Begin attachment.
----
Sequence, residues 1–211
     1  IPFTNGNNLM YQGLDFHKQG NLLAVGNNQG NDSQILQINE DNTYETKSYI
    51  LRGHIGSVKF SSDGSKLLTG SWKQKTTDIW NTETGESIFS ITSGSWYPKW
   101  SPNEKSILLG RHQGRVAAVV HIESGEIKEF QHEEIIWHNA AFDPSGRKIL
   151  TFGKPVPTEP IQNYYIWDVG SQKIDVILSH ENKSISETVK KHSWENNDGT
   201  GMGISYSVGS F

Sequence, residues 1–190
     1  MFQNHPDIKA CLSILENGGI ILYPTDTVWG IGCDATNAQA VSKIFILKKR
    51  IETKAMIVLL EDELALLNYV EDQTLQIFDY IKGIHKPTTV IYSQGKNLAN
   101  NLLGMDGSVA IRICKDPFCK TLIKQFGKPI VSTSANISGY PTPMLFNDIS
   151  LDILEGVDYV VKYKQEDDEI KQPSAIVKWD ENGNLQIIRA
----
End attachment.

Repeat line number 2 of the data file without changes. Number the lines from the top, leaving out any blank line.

     1  IPFTNGNNLM YQGLDFHKQG NLLAVGNNQG NDSQILQINE DNTYETKSYI